Do I Have an Addictive Personality?

Do I Have an Addictive Personality?

Authored by Hugh Soames

Edited by Alexander Bentley

Reviewed by Philippa Gold

What is Addictive Personality Disorder?


The term ‘addictive personality disorder’ is used a lot in modern society to describe someone that gets “hooked” on a substance or activity very easily. It is believed that there are people that become addicted very easily after short-term exposure to substances, activities, and/or events. This belief is especially true for individuals when they use alcohol and/or drugs, as many people believe their personality makes them instantly addicted.


The psychiatric medical community does not use addictive personality disorder as an actual diagnosis for patients. According to Dr. Michael Weaver, medical director of the Center for Neurobehavioral Research on Addiction at the University of Texas Health Science Center at Houston, personalities are extremely complex and there is not one person’s personality that is more likely to be addictive than another individual’s personality.


Still, there are some aspects of a person’s make-up and life that could make them more likely to become addicted to alcohol and/or drugs. Some experts are also starting to float the idea that addictive tendencies are genetic, and are developing DNA tests for addiction. Research within the medical community is still ongoing, but there are somethings that have been learned about addiction.

What risk factors may lead to addiction?


A person addicted to alcohol and/or drugs may have risk factors in their lives that lead them down the pathway of addiction. There are a few risk factors associated with addiction and rather than having an addictive personality disorder, these could be the reason a person gets hooked to a substance.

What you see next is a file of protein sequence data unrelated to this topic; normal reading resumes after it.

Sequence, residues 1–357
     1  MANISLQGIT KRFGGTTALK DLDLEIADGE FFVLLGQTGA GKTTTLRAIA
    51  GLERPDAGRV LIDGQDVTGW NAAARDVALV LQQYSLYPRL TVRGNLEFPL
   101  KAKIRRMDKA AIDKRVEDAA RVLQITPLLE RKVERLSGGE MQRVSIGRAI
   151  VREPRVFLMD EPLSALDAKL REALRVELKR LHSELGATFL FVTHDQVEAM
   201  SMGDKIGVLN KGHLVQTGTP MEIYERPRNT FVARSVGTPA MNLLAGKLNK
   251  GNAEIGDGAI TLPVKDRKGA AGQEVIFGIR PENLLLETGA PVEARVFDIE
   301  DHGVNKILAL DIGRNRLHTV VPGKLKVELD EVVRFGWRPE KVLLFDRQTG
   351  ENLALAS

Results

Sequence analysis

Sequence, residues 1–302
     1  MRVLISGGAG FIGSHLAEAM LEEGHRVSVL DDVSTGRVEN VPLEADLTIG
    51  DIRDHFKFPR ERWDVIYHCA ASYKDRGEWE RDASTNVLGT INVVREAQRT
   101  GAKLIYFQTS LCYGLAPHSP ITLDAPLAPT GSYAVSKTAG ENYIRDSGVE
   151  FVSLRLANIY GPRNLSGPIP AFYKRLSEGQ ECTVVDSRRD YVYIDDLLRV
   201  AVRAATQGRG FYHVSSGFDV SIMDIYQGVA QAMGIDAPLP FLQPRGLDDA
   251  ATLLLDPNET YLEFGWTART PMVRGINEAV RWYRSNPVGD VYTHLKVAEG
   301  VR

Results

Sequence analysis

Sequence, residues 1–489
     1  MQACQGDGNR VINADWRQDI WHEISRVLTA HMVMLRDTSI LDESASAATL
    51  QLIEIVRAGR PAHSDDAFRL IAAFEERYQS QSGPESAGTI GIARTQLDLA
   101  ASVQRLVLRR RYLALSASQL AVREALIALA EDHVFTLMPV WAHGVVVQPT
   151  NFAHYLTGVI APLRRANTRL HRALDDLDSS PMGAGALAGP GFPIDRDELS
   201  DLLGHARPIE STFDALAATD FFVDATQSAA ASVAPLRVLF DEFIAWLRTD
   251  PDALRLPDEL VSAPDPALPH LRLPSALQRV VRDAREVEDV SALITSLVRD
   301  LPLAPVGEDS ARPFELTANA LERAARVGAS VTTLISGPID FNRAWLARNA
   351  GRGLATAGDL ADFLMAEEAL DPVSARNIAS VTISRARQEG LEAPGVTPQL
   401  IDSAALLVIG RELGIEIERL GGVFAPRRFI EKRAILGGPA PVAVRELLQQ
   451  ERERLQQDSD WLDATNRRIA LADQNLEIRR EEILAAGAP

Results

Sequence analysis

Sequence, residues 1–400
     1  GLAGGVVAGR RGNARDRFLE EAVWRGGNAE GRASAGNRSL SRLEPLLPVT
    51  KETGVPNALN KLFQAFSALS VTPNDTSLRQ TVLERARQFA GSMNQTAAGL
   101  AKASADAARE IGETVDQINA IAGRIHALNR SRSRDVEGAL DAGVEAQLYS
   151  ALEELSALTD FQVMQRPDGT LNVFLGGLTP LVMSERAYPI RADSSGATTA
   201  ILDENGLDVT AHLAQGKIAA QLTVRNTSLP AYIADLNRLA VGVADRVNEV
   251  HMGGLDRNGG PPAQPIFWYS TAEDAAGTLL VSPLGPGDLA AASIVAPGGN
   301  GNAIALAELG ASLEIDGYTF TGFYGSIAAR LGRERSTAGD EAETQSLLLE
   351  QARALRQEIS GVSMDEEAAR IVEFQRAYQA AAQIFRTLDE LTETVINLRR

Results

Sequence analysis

Genetics could play a big role in addiction. Research has found that there is more than a 50% possibility that a person’s addiction stems from their genetic makeup.


According to Dr. Weaver, genetic makeup has been proven time and time again as a strong possibility for addiction. Children that come from a history of addiction have a good chance of becoming addicts themselves. Of course, this doesn’t always occur and genetics alone does not mean an individual is automatically an alcohol and/or drug addict.




Along with genetics, a person’s environment plays a large part in whether or not someone becomes addicted to drugs and alcohol. A child that watches their mother or father consume drink and drugs has a strong possibility of doing the same when they grow older.


Exposure to alcohol and/or drugs can lead to a person’s addiction in the future. If an individual is never exposed to substances or around them, it is impossible to become an addict. Yet, if the same person lives everyday with alcohol and drugs around them at home, school, and/or work, there is a chance they too will become addicted.


Once again, just because a person lives in an environment that experiences addiction, it doesn’t mean they will become addicts themselves. However, living in an environment of addiction of emotional neglect can fuel further addiction in future generations.


There are a few environmental factors that can add to the possibility of a person becoming addicted. These include:


  • Parents
  • Friends
  • Personality disorders
  • Education and activities
  • Stress
  • Social support
  • Town, neighborhood, and region a person lives in
  • Anxiety
  • Seeking a way out of circumstances
  • Burnout
  • The availability of alcohol and drugs